Included in Trump's Florida set: Robert Kraft, the New England Patriots owner, who the President spoke with Thursday evening before flying to Palm Beach; Ike Perlmutter, the Marvel Comics chief, who has advised Trump on veterans issues; Ron Lauder, the cosmetics heir who lobbied for his son-in-law to become Federal Reserve chairman; and Chris Ruddy, the Newsmax CEO, who acts as a TV surrogate.
Trump's extended family has also descended on Mar-a-Lago as Christmas nears. First lady Melania Trump has been at the property for nearly a week already. Donald Trump Jr. and Eric Trump have arrived with their families. And Tiffany Trump, a student at Georgetown Law school, flew with the President aboard Air Force One to Florida on Friday.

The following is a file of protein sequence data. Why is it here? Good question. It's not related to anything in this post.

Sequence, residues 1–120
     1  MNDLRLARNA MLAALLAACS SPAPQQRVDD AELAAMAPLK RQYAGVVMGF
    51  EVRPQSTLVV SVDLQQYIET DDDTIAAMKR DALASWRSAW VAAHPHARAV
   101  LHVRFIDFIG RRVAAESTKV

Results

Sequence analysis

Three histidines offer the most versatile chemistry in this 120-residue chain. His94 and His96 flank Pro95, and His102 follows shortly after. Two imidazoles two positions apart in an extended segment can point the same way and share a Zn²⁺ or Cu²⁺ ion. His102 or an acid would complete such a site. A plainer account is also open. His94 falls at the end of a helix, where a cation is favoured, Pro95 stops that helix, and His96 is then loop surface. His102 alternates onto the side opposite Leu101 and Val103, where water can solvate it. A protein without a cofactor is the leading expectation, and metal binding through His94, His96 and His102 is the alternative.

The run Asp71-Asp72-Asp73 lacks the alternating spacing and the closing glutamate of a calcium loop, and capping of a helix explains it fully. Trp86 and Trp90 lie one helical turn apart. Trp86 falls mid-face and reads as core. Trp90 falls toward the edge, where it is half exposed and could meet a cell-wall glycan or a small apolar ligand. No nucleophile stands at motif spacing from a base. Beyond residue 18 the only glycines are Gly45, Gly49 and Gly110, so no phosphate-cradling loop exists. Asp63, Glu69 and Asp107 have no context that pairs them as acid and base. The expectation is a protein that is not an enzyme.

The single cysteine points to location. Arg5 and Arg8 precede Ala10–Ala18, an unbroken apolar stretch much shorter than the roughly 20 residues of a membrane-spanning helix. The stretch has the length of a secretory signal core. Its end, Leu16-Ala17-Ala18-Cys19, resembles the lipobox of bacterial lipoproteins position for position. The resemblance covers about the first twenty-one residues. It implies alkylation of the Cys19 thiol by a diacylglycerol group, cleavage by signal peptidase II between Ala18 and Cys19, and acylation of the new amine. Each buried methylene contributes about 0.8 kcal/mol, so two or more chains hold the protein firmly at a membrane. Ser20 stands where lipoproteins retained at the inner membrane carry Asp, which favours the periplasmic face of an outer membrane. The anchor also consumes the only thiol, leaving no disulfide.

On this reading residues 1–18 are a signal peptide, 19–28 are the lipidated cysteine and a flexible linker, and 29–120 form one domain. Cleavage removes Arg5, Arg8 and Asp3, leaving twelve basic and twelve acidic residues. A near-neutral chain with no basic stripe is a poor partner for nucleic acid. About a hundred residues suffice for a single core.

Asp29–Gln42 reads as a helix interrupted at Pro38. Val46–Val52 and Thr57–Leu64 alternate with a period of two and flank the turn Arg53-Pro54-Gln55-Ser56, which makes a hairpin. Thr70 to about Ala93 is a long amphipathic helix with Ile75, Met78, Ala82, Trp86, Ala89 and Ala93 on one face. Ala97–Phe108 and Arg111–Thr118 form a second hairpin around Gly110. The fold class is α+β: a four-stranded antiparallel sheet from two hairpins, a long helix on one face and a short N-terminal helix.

Not in Palm Beach this Christmas: Senate Majority Leader Mitch McConnell, whose past feuds with Trump seem to have evaporated, at least for now, after the tax win.
"I'm going to a bowl game in Jacksonville," McConnell told reporters on Friday. "That's about as close as I'll get to Mar-a-Lago."
Planning for busy year ahead
"We'll be working in Florida -- I'll be working very hard during that Christmas because we have many things we're talking about, including North Korea, including a lot of things happening in the Middle East, as you know," Trump told reporters at the White House on Friday.
That may not be strictly true -- the President is spotted on the golf course nearly every weekend that he spends in South Florida -- but Trump has at moments converted his 90-year-old compound into the center of power for the US government, complete with strategy sessions on the patio and top-secret briefings carried out in converted anterooms.